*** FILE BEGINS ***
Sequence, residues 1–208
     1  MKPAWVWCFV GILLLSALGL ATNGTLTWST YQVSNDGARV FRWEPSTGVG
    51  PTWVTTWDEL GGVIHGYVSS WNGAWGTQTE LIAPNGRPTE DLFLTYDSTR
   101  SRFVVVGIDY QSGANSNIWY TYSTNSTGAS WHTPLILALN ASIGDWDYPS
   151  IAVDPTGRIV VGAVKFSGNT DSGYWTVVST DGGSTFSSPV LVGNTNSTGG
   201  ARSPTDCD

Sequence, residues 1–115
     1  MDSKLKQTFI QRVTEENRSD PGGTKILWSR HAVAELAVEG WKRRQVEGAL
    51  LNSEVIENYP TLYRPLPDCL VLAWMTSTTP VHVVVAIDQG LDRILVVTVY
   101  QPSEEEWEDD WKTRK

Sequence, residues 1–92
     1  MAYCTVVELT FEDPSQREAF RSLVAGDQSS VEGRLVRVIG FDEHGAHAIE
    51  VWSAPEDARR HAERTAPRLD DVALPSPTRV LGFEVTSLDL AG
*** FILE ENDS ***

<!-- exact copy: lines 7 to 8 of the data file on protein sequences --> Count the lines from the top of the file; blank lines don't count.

Sequence, residues 1–115
     1  MDSKLKQTFI QRVTEENRSD PGGTKILWSR HAVAELAVEG WKRRQVEGAL